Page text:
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Yarrow and wild violets are early spring edibles for house rabbits

Yarrow in protected locations is already sending up shoots
Yarrow in protected locations is already sending up shoots
P O'Beollain

Get ready! Even as the cold winds still surround us here in the Midwest, sheltered locations may soon have some harvestable weeds for your house rabbits or other herbivores. Currently, yarrow in sheltered locations are beginning to send up tender shoots free for the picking and full of phytonutrients for your house rabbits (and you, of course!).

Weeds are typically higher in phytonutrients than cultivated crops (phytonutrients are plant compounds associated with positive health effects). Cultivated plant foods typically have had at least some of the nutrients bred out of them in favor of higher yields, increased cold tolerance, etc. Weeds have a higher content of vitamins, minerals, important antioxidants, antimicrobials and anti-inflammatories. These wild foods are usually fresher, as most people harvest wild greens just before eating them or feeding them to their pet.

Wild foods are oftentimes valuable adjunct therapies for a poorly bunny, guinea pig or other pet. They are not a substitute for proper veterinary care, but when used correctly they can provide additional support for other therapies that have been prescribed.

Pick weeds in areas that you are sure haven’t been treated with pesticides or herbicides, and avoid foraging from the roadside - plants growing here may be contaminated by exhaust fumes. Avoid foraging in very brushy areas frequented by wildlife (weeds may have been contaminated with wildlife excrement). As with any greens, always provide very fresh plants, as wilting or fermented plants can cause potentially life-threatening GI distress. Introduce any new foods to your pet's diet in small amounts at first.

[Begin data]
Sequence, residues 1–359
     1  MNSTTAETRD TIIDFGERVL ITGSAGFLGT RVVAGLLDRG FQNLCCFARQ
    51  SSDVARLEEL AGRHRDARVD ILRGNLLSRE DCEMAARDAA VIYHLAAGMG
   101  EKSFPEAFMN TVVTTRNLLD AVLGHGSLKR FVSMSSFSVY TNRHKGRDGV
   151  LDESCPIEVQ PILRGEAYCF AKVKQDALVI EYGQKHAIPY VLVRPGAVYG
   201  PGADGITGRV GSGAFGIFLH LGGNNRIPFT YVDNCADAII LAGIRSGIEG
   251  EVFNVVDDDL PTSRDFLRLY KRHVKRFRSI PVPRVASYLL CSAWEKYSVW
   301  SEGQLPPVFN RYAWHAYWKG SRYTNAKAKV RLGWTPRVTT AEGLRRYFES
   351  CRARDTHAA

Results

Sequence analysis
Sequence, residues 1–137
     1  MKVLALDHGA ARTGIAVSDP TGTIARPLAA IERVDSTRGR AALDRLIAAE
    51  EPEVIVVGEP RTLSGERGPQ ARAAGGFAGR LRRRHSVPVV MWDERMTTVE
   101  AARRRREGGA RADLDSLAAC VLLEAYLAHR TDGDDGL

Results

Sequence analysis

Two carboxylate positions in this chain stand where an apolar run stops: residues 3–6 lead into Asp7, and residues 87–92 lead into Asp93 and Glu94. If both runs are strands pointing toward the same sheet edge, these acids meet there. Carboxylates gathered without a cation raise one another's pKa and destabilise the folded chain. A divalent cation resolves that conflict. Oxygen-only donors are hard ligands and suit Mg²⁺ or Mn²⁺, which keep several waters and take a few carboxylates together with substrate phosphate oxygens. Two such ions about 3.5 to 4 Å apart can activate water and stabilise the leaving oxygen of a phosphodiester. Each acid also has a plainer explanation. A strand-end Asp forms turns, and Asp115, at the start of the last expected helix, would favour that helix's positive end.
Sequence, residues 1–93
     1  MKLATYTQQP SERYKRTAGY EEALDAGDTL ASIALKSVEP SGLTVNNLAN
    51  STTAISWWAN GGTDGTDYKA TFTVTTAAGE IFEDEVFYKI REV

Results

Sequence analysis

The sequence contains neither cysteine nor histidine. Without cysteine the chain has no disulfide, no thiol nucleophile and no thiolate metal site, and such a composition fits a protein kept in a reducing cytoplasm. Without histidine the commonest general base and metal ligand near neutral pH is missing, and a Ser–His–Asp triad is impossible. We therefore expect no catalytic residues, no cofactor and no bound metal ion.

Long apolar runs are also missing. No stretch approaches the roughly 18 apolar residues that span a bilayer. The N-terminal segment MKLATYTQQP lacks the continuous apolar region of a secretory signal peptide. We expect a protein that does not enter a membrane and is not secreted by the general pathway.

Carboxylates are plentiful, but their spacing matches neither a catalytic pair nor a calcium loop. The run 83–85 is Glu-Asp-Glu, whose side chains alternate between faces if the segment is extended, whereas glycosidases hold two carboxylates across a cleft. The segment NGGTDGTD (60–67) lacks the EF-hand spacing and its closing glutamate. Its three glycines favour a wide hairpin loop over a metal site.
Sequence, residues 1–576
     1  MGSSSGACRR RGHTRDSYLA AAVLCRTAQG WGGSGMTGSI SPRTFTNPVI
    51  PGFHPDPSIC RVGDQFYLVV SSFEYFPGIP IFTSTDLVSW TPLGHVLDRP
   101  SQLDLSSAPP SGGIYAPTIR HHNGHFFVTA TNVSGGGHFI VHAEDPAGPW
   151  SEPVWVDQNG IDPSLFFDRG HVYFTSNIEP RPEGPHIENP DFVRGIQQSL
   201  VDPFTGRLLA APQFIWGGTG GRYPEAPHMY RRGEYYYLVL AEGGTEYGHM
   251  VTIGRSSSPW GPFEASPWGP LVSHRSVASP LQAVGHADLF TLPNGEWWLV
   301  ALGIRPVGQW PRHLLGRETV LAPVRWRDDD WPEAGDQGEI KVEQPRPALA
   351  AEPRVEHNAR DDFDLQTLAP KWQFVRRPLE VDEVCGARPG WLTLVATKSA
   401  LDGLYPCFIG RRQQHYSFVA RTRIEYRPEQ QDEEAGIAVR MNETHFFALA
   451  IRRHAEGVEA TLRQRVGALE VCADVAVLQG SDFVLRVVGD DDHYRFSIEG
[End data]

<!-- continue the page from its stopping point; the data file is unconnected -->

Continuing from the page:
Common blue violets and yarrow are typically among the first weeds to appear in the spring, and are generally easily identifiable:

Common blue violets can be found in most lawns; violets are types of small wild pansies with broad, heart-shaped leaves which arise on separate stems. Violet leaves provide plenty of vitamin A; leaves and flowers provide substantial amounts of vitamin C. Violets also contain rutin, a phytonutrient with anti-oxidant and anti-inflammatory properties which can help neutralize damaging free radicals which contribute to chronic disease and cancers.

Add only a teaspoon or so of violet leaves to your rabbit’s daily diet as larger amounts may have a gentle laxative effect. The flowers are greatly enjoyed by small pets, although pets and humans should NEVER eat the root nor seeds of the violet, as these are poisonous. African violets are not in fact true violets, and are also not edible.

Yarrow is a perennial herb and often the first wild green that appears in the spring; sometimes as early as late Feb in protected areas. Commonly found in old fields, pastures, and meadows, yarrow can grow to 20 inches high and is very feathery and fern-like. Both leaves and flowers of yarrow are edible and highly nutritious. Yarrow contains plant pigments which have antibacterial, anti-inflammatory, antimicrobial, anti-tumor and antioxidant properties; in fact, yarrow contains over 120 compounds with medicinal properties!

Yarrow is quite valuable in alternative medicine, and is useful for bunnies (and other pets, and humans) with respiratory ailments, kidney and other urinary disorders, nausea, skin irritations and as a general tonic. Yarrow contains a volatile oil which acts as an anti-inflammatory to the digestive system; yarrow is helpful in cases of indigestion and loss of appetite.

Crushed yarrow leaves applied topically promote blood clotting and soothe irritations and are a safe topical treatment for bunny’s skin conditions.

While yarrow is healthful and safe for bunnies to eat, it is an herb that needs to be fed in some moderation. Huge amounts of yarrow may have a somewhat intoxicating effect on small pets, and with over 120 medicinal compounds, adding just one or two long strands to your small pet’s salad is prudent. Another option is to brew yarrow tea, and offer a tablespoon of cooled tea to your small pet. Add 1 teaspoon of dried yarrow to 1 cup boiling water, let steep for 10 minutes and let cool.

Yarrow is a great plant to have in your garden: it is easy to grow, thrives on neglect and tolerates poor soil, although it does prefer well-drained soil in a sunny spot. Yarrow will very slowly spread in your garden but will not take over and shove out your other plants.

Keep on the lookout for these early spring edibles as we head into April! Your bunnies and other small pets will appreciate their variety, nutrition and freshness.



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